This accomplished, unpublished oil sketch of a leopard being chased down by six dogs relates to a series of paintings that Jean-Baptiste Oudry created for King Louis XV in 1733. In that year, the king commissioned Oudry to create oil paintings to serve as cartoons for a tapestry cycle of large hunting scenes to be woven at the Gobelins. The artist had laid the groundwork for this project five years earlier, when in January 1728 he began work on his highly successful Louis XV Hunting the Stag near the Forest of Saint-Germain, which was installed at Marly in 1730 (now Musée des Augustins, Toulouse). The king was so pleased with Oudry's painting, that he requested the series of nine Royal Hunts, which take place in the royal forests. The finished designs were delivered to the Gobelins in 1746, where they were woven twice under Oudry's supervision. Eight finished oil paintings are preserved at the Château de Fontainebleau, and one is in the Louvre, Paris.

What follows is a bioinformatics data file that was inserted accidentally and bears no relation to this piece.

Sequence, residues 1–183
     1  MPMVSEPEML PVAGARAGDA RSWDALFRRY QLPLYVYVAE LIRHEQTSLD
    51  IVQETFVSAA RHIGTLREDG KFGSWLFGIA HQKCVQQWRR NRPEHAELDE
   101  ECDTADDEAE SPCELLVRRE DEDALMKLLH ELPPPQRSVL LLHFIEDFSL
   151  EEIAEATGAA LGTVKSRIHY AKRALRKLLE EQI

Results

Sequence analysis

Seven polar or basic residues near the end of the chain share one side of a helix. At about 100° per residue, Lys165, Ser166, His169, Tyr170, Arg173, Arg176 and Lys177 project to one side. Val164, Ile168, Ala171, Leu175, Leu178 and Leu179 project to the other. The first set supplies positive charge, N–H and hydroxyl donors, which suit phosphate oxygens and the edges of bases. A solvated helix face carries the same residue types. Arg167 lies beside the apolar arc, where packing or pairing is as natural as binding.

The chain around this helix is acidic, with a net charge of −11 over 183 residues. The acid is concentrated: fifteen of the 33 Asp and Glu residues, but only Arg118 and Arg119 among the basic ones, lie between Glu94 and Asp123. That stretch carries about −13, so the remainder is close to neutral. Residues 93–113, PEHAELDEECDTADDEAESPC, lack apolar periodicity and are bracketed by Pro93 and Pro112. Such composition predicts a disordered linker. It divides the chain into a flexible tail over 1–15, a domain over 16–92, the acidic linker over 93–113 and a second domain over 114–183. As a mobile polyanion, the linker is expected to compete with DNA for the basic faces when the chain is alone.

Although the present oil sketch cannot definitively be linked to a specific tapestry from the series, its execution with light and swift brushstroke, is comparable to that found in other oil sketches for the Royal Hunts, such as his le Forhu à la fin de la curée (Musée Nissim de Camondo, Paris). Likewise, the present canvas is approximately the same size as an earlier oil sketch (53.5 x 64 cm.) depicting a boar hunt of around 1707-1712 in the Musée du Petit Palais, Paris, which dates to the early stages of the artist's career, while he was still disciple of Nicolas de Largilliere (1656-1746), to whom it was formerly attributed. For inspiration for his Royal Hunts, Oudry looked both to earlier tapestry cycles as well as to the work of Dutch and Flemish painters of the such as Abraham Hondius, Paul de Vos, Peter Paul Rubens and Frans Snyders.
Claudia Schönfeld, of the Staätliches Museum Schwerin, confirmed the attribution to Oudry upon first-hand inspection (written correspondence with the owner, 2010).